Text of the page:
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Music Review: Eagles of Death Metal – Heart On

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Straight out of the gate, Heart On—the most recent album from Eagles of Death Metal—starts rocking. Released fall 2008, the album packs punches of two to four minute blasts of alcohol, sex, and testosterone-tinged rock and roll with calculated reckless abandon. Heart On successfully blends the old-school rock of bands such as The Rolling Stones and Canned Heat with the quirky, upbeat parts of Queens of the Stone Age mixed in with a dash of R&B and funk elements for extra flavor.

Eagles of Death Metal began as the brainchild of Josh Homme of Queens of the Stone Age and Jesse Hughes—a childhood friend of Homme. The first appearance of EoDM came on Homme’s Desert Sessions Volumes 3 & 4, and to date, the band has released three albums from 2004 to present with Homme and Hughes being the chief collaborators.

Heart On has a lot to offer fans as well as people who are new to the band. For example, the songwriting is more varied than in previous efforts, opening the band up to a wider demographic and showing those already familiar with their brand of rock another side to their music. With the greater exercise in creative freedom, the band’s R&B and funk influences are fleshed out a tad more than they’ve been before, and the slight change of musical scenery is a welcome twist. Moreover, the instrumentation seems to differ a little more, but if it isn’t a difference of instruments, it’s an innovative take on the tried and true elements of the band’s sound. Hughes and Homme do a good job of keeping the guitars sounding fresh with each song on this album, which was a point of contention for me when listening to previous offerings. In the end, the music makes me want to dance, and I’m a guy who doesn’t dance. When listening to the album, I find myself shaking my butt to the catchy guitars and drumbeats so ladies and guys alike might find something to get out to the dance floor for.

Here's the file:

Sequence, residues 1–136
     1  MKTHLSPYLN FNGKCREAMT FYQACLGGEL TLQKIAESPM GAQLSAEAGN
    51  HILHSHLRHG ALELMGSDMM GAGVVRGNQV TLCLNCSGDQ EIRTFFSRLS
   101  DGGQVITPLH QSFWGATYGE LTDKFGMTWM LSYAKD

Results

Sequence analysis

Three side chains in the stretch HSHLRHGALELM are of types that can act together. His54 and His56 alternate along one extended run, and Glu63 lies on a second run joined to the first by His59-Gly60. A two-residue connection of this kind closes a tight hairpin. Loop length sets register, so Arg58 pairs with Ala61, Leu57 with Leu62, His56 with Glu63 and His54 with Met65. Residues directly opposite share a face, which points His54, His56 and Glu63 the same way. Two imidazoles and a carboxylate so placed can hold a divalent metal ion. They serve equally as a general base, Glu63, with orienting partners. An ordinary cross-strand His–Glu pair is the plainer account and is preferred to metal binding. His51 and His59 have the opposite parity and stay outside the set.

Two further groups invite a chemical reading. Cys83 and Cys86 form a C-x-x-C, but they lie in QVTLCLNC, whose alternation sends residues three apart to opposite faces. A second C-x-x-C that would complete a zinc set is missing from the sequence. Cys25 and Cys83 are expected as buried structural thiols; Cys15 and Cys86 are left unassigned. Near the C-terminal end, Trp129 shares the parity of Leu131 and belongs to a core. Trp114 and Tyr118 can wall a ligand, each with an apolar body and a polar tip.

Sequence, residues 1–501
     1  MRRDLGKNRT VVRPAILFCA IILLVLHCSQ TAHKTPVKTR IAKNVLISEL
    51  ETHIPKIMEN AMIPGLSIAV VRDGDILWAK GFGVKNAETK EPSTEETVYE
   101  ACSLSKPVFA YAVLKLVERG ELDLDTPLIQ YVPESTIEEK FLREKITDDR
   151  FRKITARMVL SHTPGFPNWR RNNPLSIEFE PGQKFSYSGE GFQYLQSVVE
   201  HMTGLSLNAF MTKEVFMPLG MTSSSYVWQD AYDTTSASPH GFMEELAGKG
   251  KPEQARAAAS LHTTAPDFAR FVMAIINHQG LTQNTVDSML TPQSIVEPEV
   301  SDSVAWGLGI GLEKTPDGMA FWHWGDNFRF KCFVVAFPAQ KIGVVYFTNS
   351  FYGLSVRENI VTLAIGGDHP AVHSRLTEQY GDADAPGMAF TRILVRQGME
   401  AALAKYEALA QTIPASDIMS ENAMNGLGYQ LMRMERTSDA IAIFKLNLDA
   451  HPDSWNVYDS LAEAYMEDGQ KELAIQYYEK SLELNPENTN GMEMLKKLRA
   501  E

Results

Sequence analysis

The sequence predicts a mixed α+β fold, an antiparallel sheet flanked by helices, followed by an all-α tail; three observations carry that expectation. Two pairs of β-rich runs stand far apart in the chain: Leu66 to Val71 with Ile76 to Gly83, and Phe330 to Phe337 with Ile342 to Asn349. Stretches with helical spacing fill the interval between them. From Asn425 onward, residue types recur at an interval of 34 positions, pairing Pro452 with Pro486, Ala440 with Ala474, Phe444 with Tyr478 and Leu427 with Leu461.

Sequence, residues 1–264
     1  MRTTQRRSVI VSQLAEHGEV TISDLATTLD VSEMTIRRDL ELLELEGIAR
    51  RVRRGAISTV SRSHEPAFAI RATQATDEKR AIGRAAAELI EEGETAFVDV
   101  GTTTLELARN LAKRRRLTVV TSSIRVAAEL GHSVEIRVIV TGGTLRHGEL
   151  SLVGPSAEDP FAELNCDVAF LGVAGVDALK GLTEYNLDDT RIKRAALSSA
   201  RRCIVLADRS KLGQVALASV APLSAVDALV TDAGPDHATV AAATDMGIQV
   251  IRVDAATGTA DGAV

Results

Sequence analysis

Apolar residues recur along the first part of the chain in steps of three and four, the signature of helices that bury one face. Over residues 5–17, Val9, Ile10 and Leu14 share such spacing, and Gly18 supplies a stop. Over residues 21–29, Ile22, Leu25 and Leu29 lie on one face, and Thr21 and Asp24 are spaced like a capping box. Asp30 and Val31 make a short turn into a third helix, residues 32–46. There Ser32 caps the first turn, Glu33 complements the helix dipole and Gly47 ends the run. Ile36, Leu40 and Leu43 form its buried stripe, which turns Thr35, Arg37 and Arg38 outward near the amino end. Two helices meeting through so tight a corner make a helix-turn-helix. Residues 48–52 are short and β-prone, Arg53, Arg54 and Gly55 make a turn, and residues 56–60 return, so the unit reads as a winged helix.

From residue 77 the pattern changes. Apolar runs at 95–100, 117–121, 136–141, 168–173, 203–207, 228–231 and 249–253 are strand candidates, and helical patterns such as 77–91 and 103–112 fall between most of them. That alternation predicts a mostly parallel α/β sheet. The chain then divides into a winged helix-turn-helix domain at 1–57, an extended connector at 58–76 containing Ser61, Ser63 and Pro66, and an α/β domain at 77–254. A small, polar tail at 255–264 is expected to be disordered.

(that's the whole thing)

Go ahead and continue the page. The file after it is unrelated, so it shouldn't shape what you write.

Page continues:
When listening to Heart On, I don’t have many complaints. Honestly, the only beef with the product I can even muster doesn’t bother me that much. On the first two albums, it seemed EoDM was Hughes’ band guided by the well-meaning hand of Josh Homme. Now, however, Homme appears to be taking a much more hands-on approach with songwriting and production. Whether this is bad or not will depend on the listener because some may deem this album to have too much of a Queens of the Stone Age feel, but personally, I enjoyed the change.

The overall experience with this album was pretty fulfilling, and I’d highly recommend it. Essentially, it’s adolescent rock that is trying to grow up and happens to contain some adult themes (SEX!). The music was meant for boys and young men, but older guys may want to check it out to hear a new take on some good ol’ rock & roll. Oh, yeah, the girls are invited, too.

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About Jerry Stegall